Ready to follow the most successful season in program history, Kansas started the 2014 campaign with its second-straight AVCA preseason ranking. No. 22 in the early poll, the Jayhawks set to begin the season down seven seniors from last year’s class. Bechard and his staff brought in the 15th-best recruiting class in the country, but the crew of freshmen were forced to grow up quick. Six of KU’s opponents were also on the preseason poll, including No. 1 Penn State and No. 2 Texas.
The Jayhawks kicked off the season inside the Horesji Family Athletics Center against Utah Valley. Kansas cruised to a three-set sweep and in doing so, racked up the 700th win in program history. Later that day, Kansas was on pace to start the season 2-0, but a battling Lipscomb team refused to allow it. Kansas dropped the match in a five-set thriller. Following the loss, KU went to work on finishing the first weekend on a good note. Kansas knocked off No. 23 Creighton in the teams’ first meeting since KU defeated CU to advance to the 2013 NCAA Sweet 16.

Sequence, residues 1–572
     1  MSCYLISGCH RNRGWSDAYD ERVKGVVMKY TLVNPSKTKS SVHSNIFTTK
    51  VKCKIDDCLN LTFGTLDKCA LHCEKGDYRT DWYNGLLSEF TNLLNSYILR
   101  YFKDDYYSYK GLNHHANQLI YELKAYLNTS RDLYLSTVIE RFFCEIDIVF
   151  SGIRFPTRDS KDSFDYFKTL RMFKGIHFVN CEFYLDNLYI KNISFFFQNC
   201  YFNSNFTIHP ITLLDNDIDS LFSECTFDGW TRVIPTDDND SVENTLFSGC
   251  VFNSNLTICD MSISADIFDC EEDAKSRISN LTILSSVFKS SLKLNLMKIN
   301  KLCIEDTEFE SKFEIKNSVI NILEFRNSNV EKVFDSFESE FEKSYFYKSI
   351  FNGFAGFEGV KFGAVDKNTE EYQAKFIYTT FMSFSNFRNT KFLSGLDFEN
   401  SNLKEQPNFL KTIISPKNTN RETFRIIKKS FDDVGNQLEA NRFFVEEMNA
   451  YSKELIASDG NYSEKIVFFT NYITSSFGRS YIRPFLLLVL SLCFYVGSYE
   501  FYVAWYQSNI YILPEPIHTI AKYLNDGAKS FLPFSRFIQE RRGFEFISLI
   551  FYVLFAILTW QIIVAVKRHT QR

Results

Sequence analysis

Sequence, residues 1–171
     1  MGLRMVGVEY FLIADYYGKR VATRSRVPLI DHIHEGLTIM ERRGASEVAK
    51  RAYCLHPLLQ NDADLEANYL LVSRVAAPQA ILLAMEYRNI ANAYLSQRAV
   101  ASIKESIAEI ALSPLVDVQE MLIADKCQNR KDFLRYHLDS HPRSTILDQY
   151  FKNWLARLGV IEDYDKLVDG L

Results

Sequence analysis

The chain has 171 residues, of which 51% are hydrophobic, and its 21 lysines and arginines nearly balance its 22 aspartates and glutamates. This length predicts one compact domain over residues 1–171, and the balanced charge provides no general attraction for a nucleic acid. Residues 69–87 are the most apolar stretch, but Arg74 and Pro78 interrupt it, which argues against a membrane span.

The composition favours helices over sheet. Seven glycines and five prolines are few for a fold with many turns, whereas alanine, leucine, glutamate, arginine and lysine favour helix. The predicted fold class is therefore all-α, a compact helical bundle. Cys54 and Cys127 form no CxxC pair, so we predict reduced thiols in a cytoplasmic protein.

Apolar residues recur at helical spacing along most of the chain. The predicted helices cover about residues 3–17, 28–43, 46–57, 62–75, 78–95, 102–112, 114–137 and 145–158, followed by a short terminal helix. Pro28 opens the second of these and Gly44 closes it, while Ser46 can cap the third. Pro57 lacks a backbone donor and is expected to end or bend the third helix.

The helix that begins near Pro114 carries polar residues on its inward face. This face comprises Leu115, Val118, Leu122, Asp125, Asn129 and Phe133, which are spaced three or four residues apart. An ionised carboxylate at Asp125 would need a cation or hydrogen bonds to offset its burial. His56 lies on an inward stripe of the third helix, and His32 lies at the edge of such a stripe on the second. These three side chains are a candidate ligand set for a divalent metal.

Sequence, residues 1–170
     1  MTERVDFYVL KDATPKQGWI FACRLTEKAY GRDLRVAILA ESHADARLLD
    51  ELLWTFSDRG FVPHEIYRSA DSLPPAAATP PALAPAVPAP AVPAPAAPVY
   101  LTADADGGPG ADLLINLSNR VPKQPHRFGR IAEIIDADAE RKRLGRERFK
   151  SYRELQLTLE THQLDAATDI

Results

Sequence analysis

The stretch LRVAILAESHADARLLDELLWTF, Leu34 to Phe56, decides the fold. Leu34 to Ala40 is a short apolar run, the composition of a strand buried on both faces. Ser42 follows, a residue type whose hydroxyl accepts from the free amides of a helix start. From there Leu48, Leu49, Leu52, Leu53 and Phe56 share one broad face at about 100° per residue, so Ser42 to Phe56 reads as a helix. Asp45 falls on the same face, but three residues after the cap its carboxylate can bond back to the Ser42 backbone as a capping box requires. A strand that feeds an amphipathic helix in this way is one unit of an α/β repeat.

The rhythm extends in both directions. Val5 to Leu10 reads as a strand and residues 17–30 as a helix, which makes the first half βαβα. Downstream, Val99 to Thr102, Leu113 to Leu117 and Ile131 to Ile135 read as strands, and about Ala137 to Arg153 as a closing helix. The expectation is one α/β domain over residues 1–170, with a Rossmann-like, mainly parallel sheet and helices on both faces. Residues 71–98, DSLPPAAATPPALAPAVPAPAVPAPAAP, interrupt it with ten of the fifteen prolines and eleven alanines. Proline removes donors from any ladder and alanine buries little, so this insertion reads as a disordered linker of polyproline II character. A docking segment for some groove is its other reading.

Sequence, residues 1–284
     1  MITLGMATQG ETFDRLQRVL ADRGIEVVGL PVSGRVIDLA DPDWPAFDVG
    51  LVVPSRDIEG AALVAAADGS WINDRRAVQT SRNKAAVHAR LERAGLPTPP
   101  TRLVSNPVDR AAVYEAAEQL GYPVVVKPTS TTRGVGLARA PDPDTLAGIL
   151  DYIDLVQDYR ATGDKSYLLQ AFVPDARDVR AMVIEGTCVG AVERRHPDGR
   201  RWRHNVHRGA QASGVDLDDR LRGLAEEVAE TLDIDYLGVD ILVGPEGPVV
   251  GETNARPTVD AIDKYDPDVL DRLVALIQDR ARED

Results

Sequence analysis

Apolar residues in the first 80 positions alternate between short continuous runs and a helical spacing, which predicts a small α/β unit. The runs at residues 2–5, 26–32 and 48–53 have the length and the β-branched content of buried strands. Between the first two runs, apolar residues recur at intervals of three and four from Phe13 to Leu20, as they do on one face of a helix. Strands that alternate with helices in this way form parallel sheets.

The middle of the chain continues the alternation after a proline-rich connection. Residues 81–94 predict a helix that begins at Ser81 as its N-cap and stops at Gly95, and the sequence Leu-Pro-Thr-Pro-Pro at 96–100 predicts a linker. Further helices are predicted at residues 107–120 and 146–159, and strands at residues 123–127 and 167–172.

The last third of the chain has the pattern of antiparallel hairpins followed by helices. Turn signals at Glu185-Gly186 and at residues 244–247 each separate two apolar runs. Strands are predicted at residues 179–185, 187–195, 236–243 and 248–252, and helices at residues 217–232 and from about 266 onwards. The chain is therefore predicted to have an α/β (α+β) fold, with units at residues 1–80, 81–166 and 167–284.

Next on the docket was the Jayhawks’ first road trip, traveling to Denver, Colorado, for the Pioneer Classic. Squaring off against Bradley and Sam Houston State, the Jayhawks swept their first two opponents to reach the championship match against host school, Denver. Kansas battled against multiple Denver comeback attempts and handed the Pioneers their first loss of the season.